The business entity type that you have selected for your business will impact how you search for name availability. For example, if you've formed your business as a limited partnership, limited liability company (LLC), or corporation, you need to be certain your name is distinguishable from the names of similar entities. Your state filing office will typically have a name database for each of these entities and they can tell you how to correctly perform a search.

Federal and State Trademark Searches

Regardless of the size of your business, you should be sure to search the federal trademark database of the United States Patent and Trademark Office (USPTO) so you can determine if your name has already been registered at the federal level. Performing this type of search will protect you from willful infringement liability, which means you have violated someone else's trademark rights. You can be sued for willful infringement even if you have not searched the federal database.

Willful infringement is one of the costliest forms of trademark infringement, often resulting in stiff penalties. Searching the USPTO trademark database will help you avoid committing this form of infringement and having to deal with the consequences.

After searching the federal trademark database, you should search the trademark database in your state. Small businesses commonly do not register their trademarks federally, so performing only a federal search may cause you to miss finding a state-level trademark. This means you may unknowingly commit infringement.

Check URL Availability

Many businesses these days, especially in the tech industry, require a website. The URL for that website can be an important branding and marketing asset, especially if your primary sales channel is via the web. Before selecting a name, you should make sure the URL you plan to use is available. Try typing in your business name and “.com” first, or use a domain search website like: www.whois.net.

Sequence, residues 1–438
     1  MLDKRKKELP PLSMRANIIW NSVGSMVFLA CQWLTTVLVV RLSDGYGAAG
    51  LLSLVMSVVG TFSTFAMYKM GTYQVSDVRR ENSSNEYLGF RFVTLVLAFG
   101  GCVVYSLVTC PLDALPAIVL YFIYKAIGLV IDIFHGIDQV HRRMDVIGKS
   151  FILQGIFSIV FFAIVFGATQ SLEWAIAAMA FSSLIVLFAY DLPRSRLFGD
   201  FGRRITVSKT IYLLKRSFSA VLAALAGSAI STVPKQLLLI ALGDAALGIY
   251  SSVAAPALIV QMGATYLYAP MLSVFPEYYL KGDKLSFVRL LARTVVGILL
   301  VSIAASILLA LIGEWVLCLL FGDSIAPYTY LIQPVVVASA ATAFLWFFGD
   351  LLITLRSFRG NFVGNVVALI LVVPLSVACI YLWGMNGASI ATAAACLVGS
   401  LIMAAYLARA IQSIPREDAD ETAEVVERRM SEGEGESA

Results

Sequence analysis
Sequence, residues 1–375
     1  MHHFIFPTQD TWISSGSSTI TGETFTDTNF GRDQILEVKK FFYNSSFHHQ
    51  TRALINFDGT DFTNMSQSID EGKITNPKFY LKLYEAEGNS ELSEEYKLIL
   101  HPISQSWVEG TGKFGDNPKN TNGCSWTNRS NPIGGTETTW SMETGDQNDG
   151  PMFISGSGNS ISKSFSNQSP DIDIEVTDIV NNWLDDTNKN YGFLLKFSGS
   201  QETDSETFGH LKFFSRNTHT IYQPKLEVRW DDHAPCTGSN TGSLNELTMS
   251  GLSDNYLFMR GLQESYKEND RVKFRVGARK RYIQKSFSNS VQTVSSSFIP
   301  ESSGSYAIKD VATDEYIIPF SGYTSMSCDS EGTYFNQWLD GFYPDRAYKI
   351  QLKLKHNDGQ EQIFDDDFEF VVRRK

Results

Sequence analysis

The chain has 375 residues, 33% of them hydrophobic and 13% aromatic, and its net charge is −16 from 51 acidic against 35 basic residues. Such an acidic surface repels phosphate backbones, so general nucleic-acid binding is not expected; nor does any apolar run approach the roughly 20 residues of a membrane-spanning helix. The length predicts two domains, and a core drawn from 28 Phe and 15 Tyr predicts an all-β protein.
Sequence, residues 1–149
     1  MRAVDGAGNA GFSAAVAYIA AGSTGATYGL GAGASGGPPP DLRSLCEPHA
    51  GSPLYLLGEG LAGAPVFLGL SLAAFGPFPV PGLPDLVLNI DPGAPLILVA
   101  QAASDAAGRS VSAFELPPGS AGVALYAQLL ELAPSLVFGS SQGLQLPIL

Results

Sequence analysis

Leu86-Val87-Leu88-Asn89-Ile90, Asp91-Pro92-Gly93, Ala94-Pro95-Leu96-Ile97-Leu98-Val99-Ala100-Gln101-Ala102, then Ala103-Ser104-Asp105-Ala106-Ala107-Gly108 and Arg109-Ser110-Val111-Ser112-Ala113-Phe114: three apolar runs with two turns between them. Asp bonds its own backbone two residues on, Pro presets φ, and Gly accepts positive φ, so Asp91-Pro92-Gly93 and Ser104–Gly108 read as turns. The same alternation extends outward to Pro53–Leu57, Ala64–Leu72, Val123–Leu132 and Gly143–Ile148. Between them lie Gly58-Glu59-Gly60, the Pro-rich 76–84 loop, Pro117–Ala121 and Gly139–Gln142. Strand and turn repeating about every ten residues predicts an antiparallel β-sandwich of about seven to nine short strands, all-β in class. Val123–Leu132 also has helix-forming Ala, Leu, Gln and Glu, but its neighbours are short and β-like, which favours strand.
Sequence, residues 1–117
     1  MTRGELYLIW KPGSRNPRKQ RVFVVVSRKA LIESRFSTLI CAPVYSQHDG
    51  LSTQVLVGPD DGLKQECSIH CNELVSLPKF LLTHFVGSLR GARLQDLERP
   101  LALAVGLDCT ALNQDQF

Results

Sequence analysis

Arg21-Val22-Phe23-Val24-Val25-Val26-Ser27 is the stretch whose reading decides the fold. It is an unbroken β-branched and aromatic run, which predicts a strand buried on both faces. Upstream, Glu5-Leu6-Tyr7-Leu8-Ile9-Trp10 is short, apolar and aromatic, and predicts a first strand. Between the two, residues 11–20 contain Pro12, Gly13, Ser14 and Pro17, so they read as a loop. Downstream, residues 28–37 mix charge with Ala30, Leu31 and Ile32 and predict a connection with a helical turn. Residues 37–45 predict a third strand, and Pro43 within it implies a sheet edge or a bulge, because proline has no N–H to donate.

Tips for Choosing a Domain Name

Theoretically, choosing a domain name for your business should be very simple. Unfortunately, just because a given domain name fits your business from a marketing standpoint, it doesn't mean you will be legally allowed to use the domain name you have chosen. For instance, if the name you have chosen is similar to other commercial domain names, you can very easily lose your domain name and have to start from scratch. Losing a domain name can be disastrous, particularly if you've already invested money into marketing for your website. Legal conflicts arising from domain names fall under the umbrella of trademark law. If you want to avoid a conflict when choosing and registering your domain name, there are a few basic facts that you need to understand:

  1. A trademark is a name that indicates the source of a service or product.
  2. If your trademark is memorable and unique, it is protected by state and federal law.
  3. Achieving distinction for your trademark through advertising and sales provides you with legal protections.
  4. Trademarks are considered to be in legal conflict when customers are likely to be confused by the use of both marks.
  5. When a conflict arises, the first person to use the trademark for commercial purposes legally owns the mark.
  6. If the courts determine that there is a legal conflict, the last person to use the mark will be forced to stop using it and may have to pay damages to the owner of the trademark.

When you're choosing your domain name, you should keep in mind these principles of trademark law. Make sure to do your research so that you can be sure you are choosing a domain name that could not be confused with the domain name of another business. Choosing a completely original domain name will preserve your rights to your website and will help you avoid a costly trademark infringement lawsuit.

Check Name Availability in the Business Formation State

Before you can form your company, you'll need to be sure that no other company is using the name you have selected. If you are forming a Delaware entity, you can check the availability of a name at the Delaware State Government website. In California, you can check on the Secretary of State's website.

Need help checking the availability of a company name? Post a Job on UpCounsel and Connect with Quality Business Attorneys who can help you properly check the availability of a company name online so you don't waste a lot of time and investment today.